So You Pray for Peace in Ukraine

Look. If I had it my way, there wouldn’t have been this war — or any war. Those of us from the small countries in eastern Europe want war the least. I taught English to the special forces in Lithuania for a couple of years, and every single one of them told me the same thing: war is the worst that can happen to anyone. And those were men and women who had been trained and sent to any number of special operations in the hot spots of this planet. I was never pro-war; at one point I was a pacifist. Working with the special forces strengthened my commitment to object war in any shape or form, anywhere.

So I want to put a white dove with an olive branch on my Facebook profile picture as well. I want to post prayers for peace. I want to write melancholy posts about harmony among the nations of the world.

But this is what you have to understand. Sometimes, war is chosen for us. You come from countries that are decision-makers, countries that actively choose to wage, finance, staff, arm, and prolong wars. For the small fish like us, war is imposed on us.

Resisting war when bombs rain on cities, when tanks shoot at unarmed civilians, when nuclear power plants are intentionally attacked does not happen on your knees in your bedroom.

And then we have to make a choice: to resist evil or through our silence to comply with it. Resisting war when bombs rain on cities, when tanks shoot at unarmed civilians, when nuclear power plants are intentionally attacked does not happen on your knees in your bedroom. It might start there. But then you have to stand up and do something about it.

Especially those of you in the United States have not really experienced what a full-blown war feels like. You have not had to test your convictions and beliefs on the ground. You have not had to live with the generational fear of losing everything you have in an instance. This particularly applies to those of you who are white. In Eastern Europe, we live with it year after year, month after month, day after day.

We watch the evening news and read the news portals with a hitching breath. We bend over backwards to make ourselves acceptable to whatever international organizations that might give us at least a modicum of hope that we will not be swept off the map (again). We make alliances, sometimes regretable alliances, because we just want to live. We want to build a house and know that a year, five years, ten years from now, we will still be able to enjoy it. We want to plant trees and gardens, create art, raise children, start businesses — do all the things you do, anybody does — in peace.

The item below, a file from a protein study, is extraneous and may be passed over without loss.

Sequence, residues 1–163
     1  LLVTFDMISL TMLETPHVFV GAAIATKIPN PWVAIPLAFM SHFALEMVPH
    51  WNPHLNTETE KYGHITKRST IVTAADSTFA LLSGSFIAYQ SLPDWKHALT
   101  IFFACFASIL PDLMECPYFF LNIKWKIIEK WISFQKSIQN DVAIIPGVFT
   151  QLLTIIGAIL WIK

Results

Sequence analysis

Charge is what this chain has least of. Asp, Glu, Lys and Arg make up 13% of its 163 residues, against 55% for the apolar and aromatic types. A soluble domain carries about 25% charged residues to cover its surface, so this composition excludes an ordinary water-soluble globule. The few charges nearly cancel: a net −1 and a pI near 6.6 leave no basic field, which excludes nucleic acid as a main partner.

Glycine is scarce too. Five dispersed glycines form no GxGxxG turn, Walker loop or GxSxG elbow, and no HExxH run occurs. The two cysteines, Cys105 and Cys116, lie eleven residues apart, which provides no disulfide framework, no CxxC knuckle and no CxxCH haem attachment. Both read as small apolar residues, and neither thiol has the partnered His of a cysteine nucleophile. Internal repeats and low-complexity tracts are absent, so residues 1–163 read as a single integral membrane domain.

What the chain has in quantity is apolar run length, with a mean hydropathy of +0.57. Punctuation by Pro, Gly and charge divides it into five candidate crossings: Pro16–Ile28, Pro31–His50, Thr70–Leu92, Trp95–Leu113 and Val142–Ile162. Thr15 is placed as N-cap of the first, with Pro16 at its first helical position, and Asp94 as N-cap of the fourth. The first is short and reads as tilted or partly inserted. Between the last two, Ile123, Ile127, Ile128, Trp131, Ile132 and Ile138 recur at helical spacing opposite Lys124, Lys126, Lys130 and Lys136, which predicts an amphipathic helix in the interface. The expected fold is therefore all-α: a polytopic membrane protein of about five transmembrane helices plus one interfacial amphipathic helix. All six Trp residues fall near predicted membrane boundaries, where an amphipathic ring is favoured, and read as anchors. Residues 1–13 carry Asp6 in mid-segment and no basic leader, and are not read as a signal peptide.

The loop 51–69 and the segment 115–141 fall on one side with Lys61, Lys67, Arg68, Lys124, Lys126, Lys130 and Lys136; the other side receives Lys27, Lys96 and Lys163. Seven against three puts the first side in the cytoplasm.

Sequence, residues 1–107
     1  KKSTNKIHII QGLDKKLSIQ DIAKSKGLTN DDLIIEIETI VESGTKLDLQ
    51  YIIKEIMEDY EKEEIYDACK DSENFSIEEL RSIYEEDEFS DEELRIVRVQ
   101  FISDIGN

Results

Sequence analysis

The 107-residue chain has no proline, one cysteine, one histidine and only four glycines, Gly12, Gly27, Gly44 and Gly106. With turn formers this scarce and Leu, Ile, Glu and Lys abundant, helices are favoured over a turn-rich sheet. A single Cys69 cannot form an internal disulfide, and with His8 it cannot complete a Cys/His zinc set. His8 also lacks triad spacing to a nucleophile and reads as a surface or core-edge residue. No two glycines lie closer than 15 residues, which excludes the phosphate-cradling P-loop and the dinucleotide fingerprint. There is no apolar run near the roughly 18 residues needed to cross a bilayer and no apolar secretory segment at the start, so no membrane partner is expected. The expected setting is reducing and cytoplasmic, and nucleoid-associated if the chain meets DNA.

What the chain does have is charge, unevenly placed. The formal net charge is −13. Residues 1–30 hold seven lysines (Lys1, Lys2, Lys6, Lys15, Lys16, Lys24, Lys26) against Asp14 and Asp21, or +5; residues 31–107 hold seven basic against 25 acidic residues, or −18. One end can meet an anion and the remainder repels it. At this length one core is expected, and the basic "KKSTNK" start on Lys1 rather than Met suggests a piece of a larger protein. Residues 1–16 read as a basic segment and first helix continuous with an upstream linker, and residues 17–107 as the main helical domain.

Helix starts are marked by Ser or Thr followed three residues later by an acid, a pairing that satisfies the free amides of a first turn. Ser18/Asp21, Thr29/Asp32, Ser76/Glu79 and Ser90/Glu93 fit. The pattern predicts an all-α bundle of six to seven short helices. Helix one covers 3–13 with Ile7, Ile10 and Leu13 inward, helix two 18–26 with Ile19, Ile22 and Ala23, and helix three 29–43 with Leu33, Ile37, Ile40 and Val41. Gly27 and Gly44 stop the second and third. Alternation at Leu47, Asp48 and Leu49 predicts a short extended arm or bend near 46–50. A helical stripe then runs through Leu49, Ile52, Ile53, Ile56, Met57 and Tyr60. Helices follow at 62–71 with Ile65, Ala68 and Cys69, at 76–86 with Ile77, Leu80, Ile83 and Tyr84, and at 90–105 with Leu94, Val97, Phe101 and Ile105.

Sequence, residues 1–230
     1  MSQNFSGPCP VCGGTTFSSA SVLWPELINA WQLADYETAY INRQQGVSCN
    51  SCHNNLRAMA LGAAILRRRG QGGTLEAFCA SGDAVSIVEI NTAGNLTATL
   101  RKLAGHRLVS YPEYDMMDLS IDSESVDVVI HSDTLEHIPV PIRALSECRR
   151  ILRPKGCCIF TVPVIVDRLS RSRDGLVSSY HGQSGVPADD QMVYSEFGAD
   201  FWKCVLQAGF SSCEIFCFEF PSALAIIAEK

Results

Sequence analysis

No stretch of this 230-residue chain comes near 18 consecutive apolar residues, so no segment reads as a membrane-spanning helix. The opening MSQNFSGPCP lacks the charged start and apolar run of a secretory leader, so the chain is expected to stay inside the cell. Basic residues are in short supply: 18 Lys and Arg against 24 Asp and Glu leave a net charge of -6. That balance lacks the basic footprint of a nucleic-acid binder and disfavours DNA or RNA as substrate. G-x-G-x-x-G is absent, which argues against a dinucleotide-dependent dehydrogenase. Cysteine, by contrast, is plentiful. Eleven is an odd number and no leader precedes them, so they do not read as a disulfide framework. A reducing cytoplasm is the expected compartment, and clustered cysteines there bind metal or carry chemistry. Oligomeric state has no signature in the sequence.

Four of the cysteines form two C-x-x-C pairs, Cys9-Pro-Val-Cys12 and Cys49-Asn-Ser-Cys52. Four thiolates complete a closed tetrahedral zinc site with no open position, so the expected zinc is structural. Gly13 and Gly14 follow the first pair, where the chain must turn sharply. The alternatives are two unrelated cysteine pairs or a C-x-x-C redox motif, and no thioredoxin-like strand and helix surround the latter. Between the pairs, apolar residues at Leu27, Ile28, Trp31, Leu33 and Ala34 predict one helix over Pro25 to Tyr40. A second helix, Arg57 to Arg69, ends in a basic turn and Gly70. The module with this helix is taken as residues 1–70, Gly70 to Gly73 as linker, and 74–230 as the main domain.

But like Ukraine has shown, for us it can be taken away in a day.

I will tell you what I would do if, God forbid, it came to me. What I want to do even now. I would join the resistance and mix Molotovs. I have never held a gun in my life, but I would learn to. I would fight with all that I have.

Because I have something to defend that is larger than me. I am not much for such ideas as defending the motherland and alike. It’s a separate conversation but I prefer to think of people rather than abstract concepts. Yet I am full throttle when it comes to standing up to injustice, to terror, to unprovoked violence.

I will fight for truth. I will fight for justice. I will fight for freedom. Those are very concrete things for me.

My Black friends have taught me one of the most fundamental principles by which I live: no justice — no peace.

Don’t pray for a vacuous, hollowed-out peace. Pray for justice. Pray for strength for those who fight for justice. Pray for moral courage and resistance.

And pray for the Russian military-industrial complex to go f^* itself.

And remember that a dove when it defends its nest also fights.

NOTE: share this text only with proper attribution; do not modify or translate without explicit permission.

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PhD candidate (Religious Studies) at Duke. I focus on the intersections of critical race theory, gender and religion, especially as they apply to Eastern Europe

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Grazina Bielousova

Grazina Bielousova

PhD candidate (Religious Studies) at Duke. I focus on the intersections of critical race theory, gender and religion, especially as they apply to Eastern Europe

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